Variety continues to be a theme at WB & Sons sales as the firm prepares for its July sale. Here are some star lots to watch

We never fail to be surprised and enthused by the variety of rare, intriguing and temptingly affordable lots offered in a WB & Sons sale, and the July 20 sale is no exception.

British favourites are in abundance, with a charming 1969 Triumph 1300 said to be in excellent original condition and estimated at £4000–6000, while a 1977 Stag offers another blue Triumph but with a V8 burble and a temptingly low guide price of £7000–9000.

Elsewhere, a 40,000-mile 1977 Vauxhall Viva 1300 GLS dating from 1977 looks to be an excellent survivor, with its fantastic original condition equating to an £8000–10,000 estimate.

A more archetypal family favourite comes in the form of a 1970 Morris Minor Traveller, which looks remarkably tidy given its low £2000–4000 guide. Further classic Brit offerings include a 1952 MG TD that’s estimated at £10,000–14,000, and a charming 1936 Austin Seven that carries a £5000–6000 guide.

If your head is turned by prestige cars, the 2002 Audi S8 Final Edition looks a lovely way to cover mileage in comfort. It has no current MoT, but could provide great value if its £4500–5500 guide is realised.

Meanwhile, a 2002 Porsche Boxster S is a sought-after manual model and looks smart in the unusual hue of teal green – it’s estimated at just £4000–5000. A further prestige car that caught our eye was a 1987 Daimler 3.6, an example of the upmarket XJ40 with just 4000 miles on the clock that (bar a sagging headlining) looks as spotless as you’d expect, earning it a £14,000–18,000 guide price.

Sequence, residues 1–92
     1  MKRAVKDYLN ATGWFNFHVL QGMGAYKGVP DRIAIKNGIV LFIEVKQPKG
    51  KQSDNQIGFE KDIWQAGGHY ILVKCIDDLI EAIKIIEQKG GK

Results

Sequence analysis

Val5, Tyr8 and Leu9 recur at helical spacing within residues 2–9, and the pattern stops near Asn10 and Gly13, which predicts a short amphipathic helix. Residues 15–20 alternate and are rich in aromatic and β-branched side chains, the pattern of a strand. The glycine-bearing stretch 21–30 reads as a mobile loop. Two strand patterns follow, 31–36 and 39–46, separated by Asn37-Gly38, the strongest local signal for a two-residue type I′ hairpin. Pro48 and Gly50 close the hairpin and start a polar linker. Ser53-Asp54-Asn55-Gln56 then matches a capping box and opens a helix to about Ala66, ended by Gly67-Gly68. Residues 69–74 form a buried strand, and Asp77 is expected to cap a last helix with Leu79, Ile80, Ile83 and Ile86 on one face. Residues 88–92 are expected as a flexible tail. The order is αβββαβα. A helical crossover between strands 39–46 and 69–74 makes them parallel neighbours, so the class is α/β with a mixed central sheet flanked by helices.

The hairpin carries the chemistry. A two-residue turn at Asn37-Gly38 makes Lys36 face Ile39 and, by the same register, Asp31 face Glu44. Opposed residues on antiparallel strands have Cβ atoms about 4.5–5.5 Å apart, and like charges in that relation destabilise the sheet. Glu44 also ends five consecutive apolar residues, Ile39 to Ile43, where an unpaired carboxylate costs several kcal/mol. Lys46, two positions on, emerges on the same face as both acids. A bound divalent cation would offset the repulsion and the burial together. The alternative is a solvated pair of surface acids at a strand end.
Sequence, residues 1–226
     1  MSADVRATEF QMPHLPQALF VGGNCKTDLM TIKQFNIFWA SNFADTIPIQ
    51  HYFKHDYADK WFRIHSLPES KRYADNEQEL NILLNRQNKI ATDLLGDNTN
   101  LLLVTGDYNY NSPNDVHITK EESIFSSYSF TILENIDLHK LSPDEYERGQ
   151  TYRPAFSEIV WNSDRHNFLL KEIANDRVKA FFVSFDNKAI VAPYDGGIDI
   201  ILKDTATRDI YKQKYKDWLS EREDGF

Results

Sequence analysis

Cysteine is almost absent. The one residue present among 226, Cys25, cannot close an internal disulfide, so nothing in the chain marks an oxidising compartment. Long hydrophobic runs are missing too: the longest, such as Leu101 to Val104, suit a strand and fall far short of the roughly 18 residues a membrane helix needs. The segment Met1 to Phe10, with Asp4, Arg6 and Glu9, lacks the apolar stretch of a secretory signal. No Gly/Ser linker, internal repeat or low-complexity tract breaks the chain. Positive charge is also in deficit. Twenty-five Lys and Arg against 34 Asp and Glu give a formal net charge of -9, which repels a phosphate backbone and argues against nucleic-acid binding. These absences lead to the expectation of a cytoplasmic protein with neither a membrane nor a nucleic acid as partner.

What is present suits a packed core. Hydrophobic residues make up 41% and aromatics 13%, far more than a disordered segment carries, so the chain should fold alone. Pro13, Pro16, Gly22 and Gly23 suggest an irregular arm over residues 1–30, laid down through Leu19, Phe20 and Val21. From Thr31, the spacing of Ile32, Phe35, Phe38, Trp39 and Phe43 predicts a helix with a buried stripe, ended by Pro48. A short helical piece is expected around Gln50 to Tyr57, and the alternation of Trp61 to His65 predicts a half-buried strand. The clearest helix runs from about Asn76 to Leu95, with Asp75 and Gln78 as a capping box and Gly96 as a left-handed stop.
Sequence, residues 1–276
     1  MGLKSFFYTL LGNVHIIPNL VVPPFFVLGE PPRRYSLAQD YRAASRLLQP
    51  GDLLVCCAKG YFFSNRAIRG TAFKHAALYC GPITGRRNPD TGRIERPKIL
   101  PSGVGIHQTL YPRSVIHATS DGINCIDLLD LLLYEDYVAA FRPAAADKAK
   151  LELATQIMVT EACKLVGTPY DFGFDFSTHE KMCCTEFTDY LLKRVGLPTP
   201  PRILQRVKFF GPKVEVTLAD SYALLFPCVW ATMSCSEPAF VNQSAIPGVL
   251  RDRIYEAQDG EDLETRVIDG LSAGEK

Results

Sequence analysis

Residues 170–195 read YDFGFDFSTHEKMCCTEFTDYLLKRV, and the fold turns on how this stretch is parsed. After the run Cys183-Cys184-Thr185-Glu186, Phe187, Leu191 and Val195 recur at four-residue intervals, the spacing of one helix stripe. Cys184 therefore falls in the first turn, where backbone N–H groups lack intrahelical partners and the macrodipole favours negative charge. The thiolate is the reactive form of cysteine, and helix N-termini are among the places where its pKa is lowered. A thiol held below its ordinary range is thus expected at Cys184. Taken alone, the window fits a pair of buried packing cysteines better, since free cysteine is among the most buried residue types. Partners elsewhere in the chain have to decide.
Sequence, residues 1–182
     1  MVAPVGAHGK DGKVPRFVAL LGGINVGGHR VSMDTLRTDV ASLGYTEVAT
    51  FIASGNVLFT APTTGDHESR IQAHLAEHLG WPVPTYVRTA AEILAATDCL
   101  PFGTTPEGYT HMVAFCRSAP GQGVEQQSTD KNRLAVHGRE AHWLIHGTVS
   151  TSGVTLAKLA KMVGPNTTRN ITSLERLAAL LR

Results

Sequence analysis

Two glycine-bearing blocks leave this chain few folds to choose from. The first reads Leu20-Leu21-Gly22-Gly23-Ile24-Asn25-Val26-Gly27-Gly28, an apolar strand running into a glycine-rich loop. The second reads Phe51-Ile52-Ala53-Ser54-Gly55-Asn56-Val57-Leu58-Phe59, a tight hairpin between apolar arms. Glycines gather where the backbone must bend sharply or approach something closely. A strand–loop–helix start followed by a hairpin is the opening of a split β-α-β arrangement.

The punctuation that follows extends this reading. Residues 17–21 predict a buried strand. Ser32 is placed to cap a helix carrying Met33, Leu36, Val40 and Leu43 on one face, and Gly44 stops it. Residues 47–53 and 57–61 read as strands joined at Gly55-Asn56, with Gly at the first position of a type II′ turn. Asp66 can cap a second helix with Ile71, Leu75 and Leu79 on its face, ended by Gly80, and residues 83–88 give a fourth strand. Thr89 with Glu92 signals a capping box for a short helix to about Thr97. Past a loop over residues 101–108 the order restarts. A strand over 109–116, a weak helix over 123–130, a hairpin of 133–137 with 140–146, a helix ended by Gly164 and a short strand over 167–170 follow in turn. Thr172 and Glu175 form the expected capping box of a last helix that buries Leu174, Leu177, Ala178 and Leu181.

If you prefer your Jaguars with more cylinders and lower estimates, a 2002 X308 XJ8 could be for you, estimated at a criminally cheap £1200–1600. Likewise, if you crave an older Jag, a 1966 example of the often-overlooked Jaguar S-Type might tick the box. A 3.8-litre manual car, it could offer the Mk2 experience at a fraction of the price, with this example estimated at just £4000–6000.

As the Festival of The Unexceptional looms, we spotted several ideal cars – a 1990 Ford Sierra LX Estate needs its Focus alloys swapping for some original trims, but its 55,000-mile odometer reading and tidy bodywork make the £1500–2500 guide look very reasonable. A 1995 Volvo 850 SE saloon could be yours for as little as £1000–2000, while what is thought to be the sole g Ford Sierra Sapphire 2.3D L left on UK roads carries a £6000–7000 guide.

Perhaps the most FOTU-appropriate car is the 1987 Nissan Sunny – a 1.3-litre LX with just 42,000 miles to its name, it looks extremely tidy and carries a £1500–2500 guide.

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